attr_reader :major
def initialize(value)
@value = value
@eval_method = Fixnum.instance_method(value)
case @value
when "+","-"
@major = false
when "*","/"
@major = true
end
end
def evaluate(containerNode)
bound_method = @eval_method.bind(containerNode.lhs.evaluate())
return bound_method.call(containerNode.rhs.evaluate())
end
end
```

The three relevant lines of code are highlighted. But first, some background. Operators in Ruby are actually just methods. When I execute the line x = 2 + 3 I am calling the '+' method on the object '2' which is an instance of the class Fixnum. So what I am actually doing with that line is this: x = 2.+(3) .
Classes in Ruby are just like normal objects, so you can call methods on them as I am doing in the first highlighted line. If the OperatorToken is constructed with "+", then I acquire an instance of the '+' method defined on the class Fixnum and store it as @eval_method. What I actually store is an instance of UnboundMethod - if you are a .NET developer, it might help to think of it as similar to MethodInfo as you can use it to invoke the method, but you will need to specify the instance you wish to invoke the method on. The second highlighted line does this - the left node is evaluated and the result is our bind target. The third line invokes the bound method and passes the result of evaluating the right node. The result is what we are after and is returned.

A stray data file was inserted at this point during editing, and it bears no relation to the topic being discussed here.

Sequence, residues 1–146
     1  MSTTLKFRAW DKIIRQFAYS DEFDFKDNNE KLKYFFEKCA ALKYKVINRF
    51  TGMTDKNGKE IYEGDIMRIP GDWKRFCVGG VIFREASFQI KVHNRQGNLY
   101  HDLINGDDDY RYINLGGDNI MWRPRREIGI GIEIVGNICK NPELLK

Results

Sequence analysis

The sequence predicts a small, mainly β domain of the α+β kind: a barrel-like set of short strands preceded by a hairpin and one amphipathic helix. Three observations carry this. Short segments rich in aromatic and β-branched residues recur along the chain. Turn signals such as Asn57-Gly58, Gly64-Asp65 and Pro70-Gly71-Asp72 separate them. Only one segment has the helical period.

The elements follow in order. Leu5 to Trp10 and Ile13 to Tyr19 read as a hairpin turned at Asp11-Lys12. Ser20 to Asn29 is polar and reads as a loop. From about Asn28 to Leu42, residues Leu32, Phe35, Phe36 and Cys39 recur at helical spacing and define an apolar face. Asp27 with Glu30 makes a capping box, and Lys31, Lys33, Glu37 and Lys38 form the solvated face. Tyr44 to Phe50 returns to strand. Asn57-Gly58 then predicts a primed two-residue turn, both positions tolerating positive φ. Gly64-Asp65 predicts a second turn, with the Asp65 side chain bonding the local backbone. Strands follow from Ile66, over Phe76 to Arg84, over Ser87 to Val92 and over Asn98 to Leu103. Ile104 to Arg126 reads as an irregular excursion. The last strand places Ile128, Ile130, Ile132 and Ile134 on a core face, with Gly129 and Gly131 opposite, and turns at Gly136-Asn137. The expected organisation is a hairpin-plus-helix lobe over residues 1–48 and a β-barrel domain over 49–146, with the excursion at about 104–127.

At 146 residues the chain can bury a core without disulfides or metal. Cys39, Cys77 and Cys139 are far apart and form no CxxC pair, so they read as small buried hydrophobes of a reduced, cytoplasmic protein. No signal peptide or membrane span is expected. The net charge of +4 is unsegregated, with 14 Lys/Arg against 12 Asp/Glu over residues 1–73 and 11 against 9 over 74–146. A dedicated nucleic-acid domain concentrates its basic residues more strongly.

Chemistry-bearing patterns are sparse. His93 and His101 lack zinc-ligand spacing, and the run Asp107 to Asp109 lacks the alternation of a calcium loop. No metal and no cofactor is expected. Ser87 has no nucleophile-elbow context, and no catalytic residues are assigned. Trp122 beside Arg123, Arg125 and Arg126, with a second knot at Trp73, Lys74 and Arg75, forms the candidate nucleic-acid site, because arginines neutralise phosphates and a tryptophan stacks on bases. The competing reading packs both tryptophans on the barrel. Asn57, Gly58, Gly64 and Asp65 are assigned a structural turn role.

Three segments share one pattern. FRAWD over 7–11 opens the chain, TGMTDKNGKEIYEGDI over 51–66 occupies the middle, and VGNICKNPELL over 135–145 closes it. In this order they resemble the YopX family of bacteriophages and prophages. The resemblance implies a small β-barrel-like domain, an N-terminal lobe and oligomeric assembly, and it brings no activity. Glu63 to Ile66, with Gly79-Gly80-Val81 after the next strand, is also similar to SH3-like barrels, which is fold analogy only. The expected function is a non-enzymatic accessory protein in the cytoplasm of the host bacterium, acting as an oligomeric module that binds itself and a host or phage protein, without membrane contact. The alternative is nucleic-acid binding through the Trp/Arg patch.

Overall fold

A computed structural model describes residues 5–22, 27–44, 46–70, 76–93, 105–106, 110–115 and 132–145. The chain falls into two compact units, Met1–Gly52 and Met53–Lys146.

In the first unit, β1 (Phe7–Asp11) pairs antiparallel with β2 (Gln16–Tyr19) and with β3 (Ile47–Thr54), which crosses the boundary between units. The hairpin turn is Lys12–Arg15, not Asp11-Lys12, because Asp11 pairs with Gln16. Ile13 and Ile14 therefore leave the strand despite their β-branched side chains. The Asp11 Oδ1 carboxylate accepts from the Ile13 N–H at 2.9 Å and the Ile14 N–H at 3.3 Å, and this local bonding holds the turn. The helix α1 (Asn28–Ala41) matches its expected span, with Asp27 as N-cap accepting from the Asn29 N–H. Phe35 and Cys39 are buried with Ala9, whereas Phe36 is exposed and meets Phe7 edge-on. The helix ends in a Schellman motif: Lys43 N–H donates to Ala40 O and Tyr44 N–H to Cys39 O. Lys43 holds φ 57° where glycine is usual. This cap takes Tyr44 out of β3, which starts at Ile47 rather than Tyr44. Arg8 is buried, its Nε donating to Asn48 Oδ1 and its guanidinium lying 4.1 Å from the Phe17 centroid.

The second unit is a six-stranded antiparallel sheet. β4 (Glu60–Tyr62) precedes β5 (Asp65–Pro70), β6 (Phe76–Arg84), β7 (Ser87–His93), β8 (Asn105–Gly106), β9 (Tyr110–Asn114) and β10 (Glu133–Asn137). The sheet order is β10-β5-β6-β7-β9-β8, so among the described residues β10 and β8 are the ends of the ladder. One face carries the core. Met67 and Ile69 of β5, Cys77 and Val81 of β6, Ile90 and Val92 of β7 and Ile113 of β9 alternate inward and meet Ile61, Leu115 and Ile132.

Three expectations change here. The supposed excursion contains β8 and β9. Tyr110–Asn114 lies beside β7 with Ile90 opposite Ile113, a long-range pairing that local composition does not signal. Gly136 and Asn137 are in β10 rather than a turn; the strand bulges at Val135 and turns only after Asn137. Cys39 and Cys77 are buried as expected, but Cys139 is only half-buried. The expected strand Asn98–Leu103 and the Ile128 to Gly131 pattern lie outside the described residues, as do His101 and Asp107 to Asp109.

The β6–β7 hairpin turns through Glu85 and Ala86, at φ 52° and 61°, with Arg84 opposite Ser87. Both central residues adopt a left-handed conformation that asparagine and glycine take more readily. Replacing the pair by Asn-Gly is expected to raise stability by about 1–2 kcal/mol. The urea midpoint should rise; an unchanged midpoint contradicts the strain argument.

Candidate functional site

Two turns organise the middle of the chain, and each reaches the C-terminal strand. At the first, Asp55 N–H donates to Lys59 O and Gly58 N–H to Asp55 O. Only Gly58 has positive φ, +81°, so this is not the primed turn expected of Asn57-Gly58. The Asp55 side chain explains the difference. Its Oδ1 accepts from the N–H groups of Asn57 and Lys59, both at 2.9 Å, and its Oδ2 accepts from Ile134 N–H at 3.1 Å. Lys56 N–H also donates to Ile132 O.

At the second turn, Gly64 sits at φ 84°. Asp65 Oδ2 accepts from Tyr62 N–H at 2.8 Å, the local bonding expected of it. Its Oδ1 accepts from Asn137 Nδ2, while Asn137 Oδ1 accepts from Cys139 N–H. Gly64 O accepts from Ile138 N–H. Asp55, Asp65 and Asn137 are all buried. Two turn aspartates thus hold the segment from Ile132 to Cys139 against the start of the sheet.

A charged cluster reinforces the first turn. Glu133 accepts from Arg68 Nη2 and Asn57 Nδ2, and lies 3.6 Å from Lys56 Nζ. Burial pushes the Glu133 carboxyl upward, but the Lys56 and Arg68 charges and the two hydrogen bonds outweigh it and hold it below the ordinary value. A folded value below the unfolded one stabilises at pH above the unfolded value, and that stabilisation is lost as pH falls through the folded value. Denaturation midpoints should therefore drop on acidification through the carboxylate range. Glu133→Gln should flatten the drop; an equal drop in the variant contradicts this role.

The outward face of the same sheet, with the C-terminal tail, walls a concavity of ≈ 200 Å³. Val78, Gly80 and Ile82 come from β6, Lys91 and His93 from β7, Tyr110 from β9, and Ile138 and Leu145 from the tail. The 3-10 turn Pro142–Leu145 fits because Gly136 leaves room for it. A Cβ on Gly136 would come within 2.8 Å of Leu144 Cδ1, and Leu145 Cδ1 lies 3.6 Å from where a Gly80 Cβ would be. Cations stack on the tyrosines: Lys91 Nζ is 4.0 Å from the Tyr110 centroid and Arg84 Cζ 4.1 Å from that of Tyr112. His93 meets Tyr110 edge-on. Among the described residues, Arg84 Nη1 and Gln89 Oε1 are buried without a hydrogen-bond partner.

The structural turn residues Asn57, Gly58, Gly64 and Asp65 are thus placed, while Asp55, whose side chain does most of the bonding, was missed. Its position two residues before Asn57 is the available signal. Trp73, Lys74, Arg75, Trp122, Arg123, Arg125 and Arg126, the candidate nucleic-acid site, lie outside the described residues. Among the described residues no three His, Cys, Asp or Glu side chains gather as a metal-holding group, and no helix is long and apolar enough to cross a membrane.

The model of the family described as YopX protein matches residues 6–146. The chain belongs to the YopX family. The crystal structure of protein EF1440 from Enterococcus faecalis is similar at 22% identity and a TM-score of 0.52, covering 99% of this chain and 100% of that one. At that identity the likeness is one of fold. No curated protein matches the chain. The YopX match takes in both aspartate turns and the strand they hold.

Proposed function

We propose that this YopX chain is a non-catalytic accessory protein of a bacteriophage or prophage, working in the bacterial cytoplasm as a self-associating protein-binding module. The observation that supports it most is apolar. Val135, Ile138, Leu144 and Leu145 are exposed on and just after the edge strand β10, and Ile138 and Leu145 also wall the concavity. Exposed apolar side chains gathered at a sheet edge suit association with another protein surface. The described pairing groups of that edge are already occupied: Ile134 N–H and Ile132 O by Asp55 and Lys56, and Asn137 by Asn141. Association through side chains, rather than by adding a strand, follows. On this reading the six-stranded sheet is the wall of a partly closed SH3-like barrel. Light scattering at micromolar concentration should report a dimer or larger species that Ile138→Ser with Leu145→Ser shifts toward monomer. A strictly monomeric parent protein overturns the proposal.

Yes, this is much more complicated than a switch statement, and surely much slower. But I learned something, and hopefully so did you. Lets run my unit tests:
```
>ruby calculator.rb
Loaded suite calculator
Started
........................
Finished in 0.022 seconds.
24 tests, 37 assertions, 0 failures, 0 errors
>Exit code: 0
```

I think its worth mentioning that I have sort of covered up some mistakes I made while implementing the tree building. I didn't initially write the left to right unit tests and so for a while my calculator could do "2+9/3*4" but not "9/3*4" (it returned zero rather than 12). I didn't notice this problem until I ran the stress tester:
```
def stress_test()
expressions = generate_expressions(100)